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WHOI Waypoints: X-Ray Visions of Climate Change

Late in the evening, after traffic in the radiology lab at Falmouth (Mass.) Hospital has slowed, Mea Cook wheels some unusual patients into an empty X-ray room. Ten PVC pipes full of mud—sediment cores from the bottom of the Bering Sea—lay stacked on her cart. As radiologists in neighboring rooms peer inside human patients for signs of broken bones, Cook scans her cores for different signs. Somewhere in the pale layers of sediment cut by bright slashes of ash, she hopes to find secrets of 70,000 years of climate change.

In climatic terms, the Earth is currently basking in a relatively warm and stable period. But jump back 20,000 years to the last ice age, and the climate data curve gets bumpy. During the ice age and the 40,000-year warm period that preceded it, Earth endured a barrage of major climate shifts, including some sudden and drastic changes in the planet’s average temperature.

Paleoclimatologists have deduced from marine sediments and from terrestrial ice that these climate changes were frequent and fast, but just how they occurred remains a mystery. In particular, they are intrigued by the role played by the Pacific Ocean, Earth’s largest water mass. The view into the climate history of that vast ocean has been obscured by a scarcity of adequate sediments. Cook’s cores might provide an important glimpse.

Getting to the core of the matter

The new cores—extracted from floor of the Bering Sea by WHOI Senior Scientist Lloyd Keigwin and colleagues in June 2002—don’t look particularly instructive. In fact, the 20-meter plugs of sediment look like something you might find in a construction ditch after a storm. But these mud-filled PVC and steel pipes are full of information.

Like growth rings in a tree trunk, the layers of sediment are built over time, laying down a geologic record of the passing years. Each layer is laced with the chalk-white calcium carbonate shells of tiny animals called foraminifera. By analyzing the chemical composition of these shells, paleogeologists like Cook can determine the temperature and the amounts of salt, oxygen, and nutrients in the waters when the animals lived. This
data can be used to model past climate conditions and ocean circu-lation patterns.

But not all sediment cores are created equal, and Pacific Ocean cores are notoriously unhelpful. Deep Pacific water tends to be corrosive, dissolving the carbonate shells that geologists seek in their cores. As a result, the Pacific’s role in climate change is poorly understood.

As the recent disaster film The Day After Tomorrow portrayed (with ample Hollywood hyperbole), rapid climate changes are likely triggered, or at least accompanied, by changes in ocean circulation. Modern ocean circulation is dominated by the Atlantic Ocean, but some paleoceanographers theorize that the Pacific may have dominated at times in the past. “In the climate record there is evidence that the circulation in the Atlantic has changed, but no one knows much about what happened in the Pacific,” Cook said. “This is what I’m trying to find out.”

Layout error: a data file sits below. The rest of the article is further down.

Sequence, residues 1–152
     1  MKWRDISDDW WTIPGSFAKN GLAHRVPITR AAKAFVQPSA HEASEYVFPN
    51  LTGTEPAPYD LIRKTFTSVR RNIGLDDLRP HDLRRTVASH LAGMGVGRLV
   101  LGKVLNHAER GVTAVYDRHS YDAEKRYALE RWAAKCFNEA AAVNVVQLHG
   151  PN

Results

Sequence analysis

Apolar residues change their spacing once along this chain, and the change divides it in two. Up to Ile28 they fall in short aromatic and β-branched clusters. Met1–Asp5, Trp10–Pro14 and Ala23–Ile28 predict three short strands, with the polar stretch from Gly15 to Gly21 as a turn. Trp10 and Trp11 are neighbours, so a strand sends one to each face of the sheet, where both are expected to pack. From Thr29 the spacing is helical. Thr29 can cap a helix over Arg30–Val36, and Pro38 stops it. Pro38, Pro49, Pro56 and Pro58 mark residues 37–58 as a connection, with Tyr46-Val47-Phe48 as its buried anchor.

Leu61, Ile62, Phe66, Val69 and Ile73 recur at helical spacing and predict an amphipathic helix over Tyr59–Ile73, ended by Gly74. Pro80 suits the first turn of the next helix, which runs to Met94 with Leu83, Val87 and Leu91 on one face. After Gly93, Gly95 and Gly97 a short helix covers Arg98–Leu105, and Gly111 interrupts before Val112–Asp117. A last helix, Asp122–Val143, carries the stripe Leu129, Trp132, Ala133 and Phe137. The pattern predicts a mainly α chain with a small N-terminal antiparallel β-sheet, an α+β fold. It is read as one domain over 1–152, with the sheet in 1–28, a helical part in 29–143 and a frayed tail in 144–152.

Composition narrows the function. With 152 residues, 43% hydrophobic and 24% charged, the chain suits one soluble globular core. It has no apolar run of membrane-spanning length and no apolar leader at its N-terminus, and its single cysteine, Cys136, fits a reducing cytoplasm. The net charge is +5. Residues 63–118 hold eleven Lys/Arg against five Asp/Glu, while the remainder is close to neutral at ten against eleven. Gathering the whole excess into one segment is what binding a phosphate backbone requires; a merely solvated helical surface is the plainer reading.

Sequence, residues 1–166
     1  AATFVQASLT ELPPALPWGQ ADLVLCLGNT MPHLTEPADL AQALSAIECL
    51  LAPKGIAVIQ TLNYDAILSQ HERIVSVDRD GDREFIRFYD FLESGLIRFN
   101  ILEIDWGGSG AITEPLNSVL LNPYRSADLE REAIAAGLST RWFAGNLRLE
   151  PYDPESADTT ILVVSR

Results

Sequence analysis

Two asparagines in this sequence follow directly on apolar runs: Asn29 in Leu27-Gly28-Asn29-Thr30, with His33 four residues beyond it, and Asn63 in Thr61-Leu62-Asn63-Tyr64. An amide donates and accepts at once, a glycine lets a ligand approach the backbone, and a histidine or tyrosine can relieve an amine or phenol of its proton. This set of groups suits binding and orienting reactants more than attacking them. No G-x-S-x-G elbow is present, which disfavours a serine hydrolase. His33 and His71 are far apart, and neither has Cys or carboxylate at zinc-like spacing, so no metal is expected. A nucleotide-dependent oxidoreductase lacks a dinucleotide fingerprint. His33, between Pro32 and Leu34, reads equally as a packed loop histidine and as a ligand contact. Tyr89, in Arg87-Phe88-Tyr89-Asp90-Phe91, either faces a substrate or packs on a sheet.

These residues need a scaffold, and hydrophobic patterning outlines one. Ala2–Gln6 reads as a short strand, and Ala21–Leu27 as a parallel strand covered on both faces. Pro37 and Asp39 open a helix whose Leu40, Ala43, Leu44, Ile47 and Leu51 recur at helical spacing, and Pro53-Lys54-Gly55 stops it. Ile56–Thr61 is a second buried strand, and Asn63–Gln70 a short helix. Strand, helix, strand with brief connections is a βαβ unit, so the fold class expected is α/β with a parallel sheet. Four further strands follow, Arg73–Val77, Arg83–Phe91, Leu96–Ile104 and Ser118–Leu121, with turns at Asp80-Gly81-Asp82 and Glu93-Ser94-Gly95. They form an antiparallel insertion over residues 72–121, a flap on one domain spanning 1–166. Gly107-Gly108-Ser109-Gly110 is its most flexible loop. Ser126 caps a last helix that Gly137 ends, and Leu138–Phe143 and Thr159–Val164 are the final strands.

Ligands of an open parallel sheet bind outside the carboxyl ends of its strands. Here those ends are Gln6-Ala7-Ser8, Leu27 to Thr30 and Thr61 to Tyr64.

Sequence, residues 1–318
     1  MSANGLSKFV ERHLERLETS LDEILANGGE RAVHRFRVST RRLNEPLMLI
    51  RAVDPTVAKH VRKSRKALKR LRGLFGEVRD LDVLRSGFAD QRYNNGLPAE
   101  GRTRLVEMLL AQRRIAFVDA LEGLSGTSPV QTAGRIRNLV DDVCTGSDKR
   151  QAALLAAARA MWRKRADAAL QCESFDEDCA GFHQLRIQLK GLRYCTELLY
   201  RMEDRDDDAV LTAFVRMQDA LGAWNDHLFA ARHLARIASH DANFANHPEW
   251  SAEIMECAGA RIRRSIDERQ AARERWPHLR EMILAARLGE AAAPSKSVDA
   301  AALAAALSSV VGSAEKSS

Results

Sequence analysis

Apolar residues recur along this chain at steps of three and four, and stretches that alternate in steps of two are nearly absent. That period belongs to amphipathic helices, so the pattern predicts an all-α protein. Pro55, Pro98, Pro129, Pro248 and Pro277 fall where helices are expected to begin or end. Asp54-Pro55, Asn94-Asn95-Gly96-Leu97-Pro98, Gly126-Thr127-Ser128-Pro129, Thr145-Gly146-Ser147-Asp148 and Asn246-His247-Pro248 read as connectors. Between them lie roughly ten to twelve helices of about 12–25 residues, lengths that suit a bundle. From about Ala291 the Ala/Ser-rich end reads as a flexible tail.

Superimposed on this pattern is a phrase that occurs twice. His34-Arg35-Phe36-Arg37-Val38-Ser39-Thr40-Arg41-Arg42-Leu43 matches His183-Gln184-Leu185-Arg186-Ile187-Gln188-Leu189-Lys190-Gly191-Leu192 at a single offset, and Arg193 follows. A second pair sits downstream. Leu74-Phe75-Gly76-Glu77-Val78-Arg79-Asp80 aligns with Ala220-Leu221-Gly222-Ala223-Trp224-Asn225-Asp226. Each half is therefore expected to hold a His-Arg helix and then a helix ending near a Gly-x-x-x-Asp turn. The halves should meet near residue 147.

Luckily, Cook’s sediments are an exception to the Pacific problem: They are rich with calcium carbonate shells for chemical analysis. “These are great cores,” she said. “I can resolve events as short as decades and centuries.” Some of the cores include finely layered sections of sediment with which she can resolve three to five year spans.

Three years or even three decades out of 70,000 years may seem like an unnecessary level of detail. But
should the climate begin to change rapidly in the future, it would be useful to know whether past temperatures shifts, ocean circulation flips, and sea level changes happened over 10 years or 100.

“It’s probably going to be the highest-resolution record from the North Pacific,” said Dan McCorkle, an Associate Scientist in the WHOI Department of Geology and Geophysics. The Bering Sea cores won’t be the first to yield a record, as sediments collected off Santa Barbara, Calif., have already been used to create a climate history of the Pacific. But a single location does not a global picture make.

“People have spun a lot of stories about Pacific Ocean paleoceanography from the Santa Barbara record,” said McCorkle, “but we really haven’t had any way to test that.” The Bering Sea cores could finally confirm or refute the Santa Barbara climate story.

Though it is too early to predict her results, Mea hopes she can make a contribution to geologists’ understanding of Earth’s climatic history. “The Pacific could have an important role in global climate that we don’t yet understand. We might be able to use this information to understand what may happen in the future.”

Did you know...

» Mea has been playing the cello since she was eight years old. While other kids were baby-sitting as teenagers, she earned money as a freelance musician, giving lessons, and playing for weddings. She still plays each week in an MIT-based chamber music group.

» She loves movies and, with friends, hosts a classic-movie night every Wednesday for other WHOI film buffs.

Originally published: November 1, 2004